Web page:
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Geotimes
 Published by the American Geological Institute
Newsmagazine of the Earth Sciences

 June 2000


From the Editor

 

Our focus this month is on work of the U.S. Geological Survey (USGS). In this month’s Comment, USGS Director “Chip” Groat calls for integrated science. Four articles describe the survey’s coastal studies, water quality program, geologic mapping and world energy assessment. These complement other Geotimes articles by USGS scientists, such as the April issue’s look at natural hazard mitigation and the May issue’s retrospective of the 1980 Mount St. Helens eruption.

The USGS is a premier geological organization, judged by the size and quality of its scientific contributions. The positive impact of the USGS on earth scientists and earth-science societies increased steadily throughout the last century. In the last decade, however, the survey has suffered recisions, reorganizations and congressional challenges. In spite of this loss of innocence, the need for the USGS to develop scientific information as a basis for policy decisions has never been greater. The content of this issue clearly makes that point.

Groat emphasizes interdisciplinary initiatives, partnerships and customer input in his Comment. He ends with the question, “What is the unique contribution of the USGS to understanding and resolving societal issues?” and invites comments and suggestions regarding USGS programs. This is your chance to act on your convictions.

John Haines and S. Jeffress Williams present a sobering overview of coastal problems. Fifty percent of the U.S. population currently lives in coastal areas — and by 2025 that number will be 75 percent. The coastal zone is a major issue for the earth sciences. This article is basic, required reading.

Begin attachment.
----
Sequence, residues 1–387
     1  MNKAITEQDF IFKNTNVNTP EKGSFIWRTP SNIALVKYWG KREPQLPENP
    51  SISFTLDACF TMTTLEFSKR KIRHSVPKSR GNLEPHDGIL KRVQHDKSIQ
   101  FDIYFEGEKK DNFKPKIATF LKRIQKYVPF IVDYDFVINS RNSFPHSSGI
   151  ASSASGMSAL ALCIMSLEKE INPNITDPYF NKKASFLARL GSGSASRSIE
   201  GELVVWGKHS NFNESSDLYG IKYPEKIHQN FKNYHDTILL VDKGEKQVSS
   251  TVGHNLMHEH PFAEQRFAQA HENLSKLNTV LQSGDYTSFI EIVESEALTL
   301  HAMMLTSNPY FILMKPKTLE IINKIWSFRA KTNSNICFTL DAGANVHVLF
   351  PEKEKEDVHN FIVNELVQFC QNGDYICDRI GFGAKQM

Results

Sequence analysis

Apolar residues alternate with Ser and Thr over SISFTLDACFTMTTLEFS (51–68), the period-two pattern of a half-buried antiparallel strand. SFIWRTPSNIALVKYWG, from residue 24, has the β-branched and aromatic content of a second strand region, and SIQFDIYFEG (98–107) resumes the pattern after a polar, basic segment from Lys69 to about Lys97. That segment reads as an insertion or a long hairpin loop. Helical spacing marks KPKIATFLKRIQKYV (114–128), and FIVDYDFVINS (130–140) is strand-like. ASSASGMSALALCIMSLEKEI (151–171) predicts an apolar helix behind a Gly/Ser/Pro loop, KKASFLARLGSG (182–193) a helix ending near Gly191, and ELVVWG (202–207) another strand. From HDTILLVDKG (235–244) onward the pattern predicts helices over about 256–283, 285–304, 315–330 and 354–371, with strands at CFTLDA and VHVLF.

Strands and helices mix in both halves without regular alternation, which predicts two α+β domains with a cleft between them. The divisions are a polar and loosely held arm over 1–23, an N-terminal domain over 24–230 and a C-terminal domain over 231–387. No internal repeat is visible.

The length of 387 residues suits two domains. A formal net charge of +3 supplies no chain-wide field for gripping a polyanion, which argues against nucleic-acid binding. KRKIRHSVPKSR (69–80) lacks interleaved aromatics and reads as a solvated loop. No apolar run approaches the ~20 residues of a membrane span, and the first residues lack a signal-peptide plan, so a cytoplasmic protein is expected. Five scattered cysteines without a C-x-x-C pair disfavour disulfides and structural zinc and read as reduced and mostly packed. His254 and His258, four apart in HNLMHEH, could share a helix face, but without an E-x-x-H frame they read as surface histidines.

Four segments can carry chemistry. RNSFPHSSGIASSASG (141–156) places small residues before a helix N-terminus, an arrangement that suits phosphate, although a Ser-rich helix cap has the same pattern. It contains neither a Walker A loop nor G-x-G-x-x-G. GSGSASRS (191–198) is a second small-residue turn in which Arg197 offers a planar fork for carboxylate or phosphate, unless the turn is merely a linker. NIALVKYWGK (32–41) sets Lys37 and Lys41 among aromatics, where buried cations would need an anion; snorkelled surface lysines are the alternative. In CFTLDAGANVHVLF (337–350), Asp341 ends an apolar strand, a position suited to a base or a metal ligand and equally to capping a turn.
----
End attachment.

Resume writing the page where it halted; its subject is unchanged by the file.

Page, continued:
John Pallister, coordinator of the USGS National Cooperative Geologic Mapping Program, focuses on frontiers in representing and presenting 3-D, layered, animated and forward-modeled spatial information. He suggests that making map information more user-friendly is driving demand for detailed mapping, especially by policy-makers and land-use planners.

USGS hydrologists Pixie Hamilton, Jeffrey Stoner and Robert Gilliom summarize findings of the National Water Quality Assessment (NAWQA) Program. Readers will find interesting the wide dispersion of contaminants found in surface water and groundwater and the need to better understand the significance of these data.

And closing up the collection of USGS perspectives, Thomas Ahlbrandt and others present a summary of a recent USGS assessment of world oil and gas resources.

The USGS and its work are important to us as earth scientists and as citizens. The articles that follow are part of our continuing education. It is now up to us to react to the USGS and to interpret this information to our fellow citizens.

Believe your compass.

Samuel S. Adams
Editor-in-Chief
 

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